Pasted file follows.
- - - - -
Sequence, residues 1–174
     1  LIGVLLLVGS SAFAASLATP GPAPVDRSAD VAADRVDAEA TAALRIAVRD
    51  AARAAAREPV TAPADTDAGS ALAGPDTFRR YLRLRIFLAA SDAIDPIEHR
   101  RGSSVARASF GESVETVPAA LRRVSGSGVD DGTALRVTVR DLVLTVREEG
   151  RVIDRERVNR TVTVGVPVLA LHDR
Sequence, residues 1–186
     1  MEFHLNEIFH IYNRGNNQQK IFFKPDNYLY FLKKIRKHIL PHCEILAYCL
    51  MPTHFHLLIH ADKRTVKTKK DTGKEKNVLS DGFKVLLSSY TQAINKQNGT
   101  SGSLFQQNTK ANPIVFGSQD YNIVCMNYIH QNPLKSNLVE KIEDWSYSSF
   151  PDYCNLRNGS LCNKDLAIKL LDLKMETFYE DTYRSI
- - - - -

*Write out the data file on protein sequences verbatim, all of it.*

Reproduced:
Sequence, residues 1–174
     1  LIGVLLLVGS SAFAASLATP GPAPVDRSAD VAADRVDAEA TAALRIAVRD
    51  AARAAAREPV TAPADTDAGS ALAGPDTFRR YLRLRIFLAA SDAIDPIEHR
   101  RGSSVARASF GESVETVPAA LRRVSGSGVD DGTALRVTVR DLVLTVREEG
   151  RVIDRERVNR TVTVGVPVLA LHDR
Sequence, residues 1–186
     1  MEFHLNEIFH IYNRGNNQQK IFFKPDNYLY FLKKIRKHIL PHCEILAYCL
    51  MPTHFHLLIH ADKRTVKTKK DTGKEKNVLS DGFKVLLSSY TQAINKQNGT
   101  SGSLFQQNTK ANPIVFGSQD YNIVCMNYIH QNPLKSNLVE KIEDWSYSSF
   151  PDYCNLRNGS LCNKDLAIKL LDLKMETFYE DTYRSI